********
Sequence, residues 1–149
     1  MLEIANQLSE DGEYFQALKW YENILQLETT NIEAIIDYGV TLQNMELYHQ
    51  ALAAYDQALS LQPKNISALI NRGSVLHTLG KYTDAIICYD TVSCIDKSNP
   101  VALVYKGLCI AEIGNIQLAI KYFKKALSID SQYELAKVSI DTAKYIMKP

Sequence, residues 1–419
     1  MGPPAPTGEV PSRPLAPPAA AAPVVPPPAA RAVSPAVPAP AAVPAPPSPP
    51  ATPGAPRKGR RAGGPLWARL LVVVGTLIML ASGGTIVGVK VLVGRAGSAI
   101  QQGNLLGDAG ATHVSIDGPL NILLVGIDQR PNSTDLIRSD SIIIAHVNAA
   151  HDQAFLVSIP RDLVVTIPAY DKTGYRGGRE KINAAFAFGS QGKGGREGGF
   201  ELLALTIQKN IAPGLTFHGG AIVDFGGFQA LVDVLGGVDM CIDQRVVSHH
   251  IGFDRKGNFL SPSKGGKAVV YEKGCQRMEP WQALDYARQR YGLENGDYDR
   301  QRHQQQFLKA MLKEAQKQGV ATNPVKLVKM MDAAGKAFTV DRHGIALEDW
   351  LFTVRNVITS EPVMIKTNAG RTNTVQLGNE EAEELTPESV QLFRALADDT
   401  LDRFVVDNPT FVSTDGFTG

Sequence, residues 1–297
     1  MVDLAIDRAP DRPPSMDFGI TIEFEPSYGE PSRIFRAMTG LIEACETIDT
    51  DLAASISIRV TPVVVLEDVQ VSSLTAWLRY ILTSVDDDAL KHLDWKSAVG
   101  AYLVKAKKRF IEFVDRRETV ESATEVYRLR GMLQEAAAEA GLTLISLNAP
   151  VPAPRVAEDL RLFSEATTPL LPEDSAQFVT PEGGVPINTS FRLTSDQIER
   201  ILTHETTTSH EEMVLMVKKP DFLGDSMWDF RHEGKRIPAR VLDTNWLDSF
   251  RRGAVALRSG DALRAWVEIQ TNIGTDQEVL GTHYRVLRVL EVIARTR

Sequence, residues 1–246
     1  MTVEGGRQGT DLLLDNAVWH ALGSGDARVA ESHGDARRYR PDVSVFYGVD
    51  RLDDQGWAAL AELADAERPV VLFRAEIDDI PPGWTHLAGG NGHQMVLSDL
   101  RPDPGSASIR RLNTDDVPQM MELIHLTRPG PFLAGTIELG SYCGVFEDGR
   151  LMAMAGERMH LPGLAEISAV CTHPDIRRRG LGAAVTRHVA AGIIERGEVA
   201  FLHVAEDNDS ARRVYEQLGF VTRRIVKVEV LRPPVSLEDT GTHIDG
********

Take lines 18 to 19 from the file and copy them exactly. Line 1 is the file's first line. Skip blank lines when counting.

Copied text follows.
   101  AYLVKAKKRF IEFVDRRETV ESATEVYRLR GMLQEAAAEA GLTLISLNAP
   151  VPAPRVAEDL RLFSEATTPL LPEDSAQFVT PEGGVPINTS FRLTSDQIER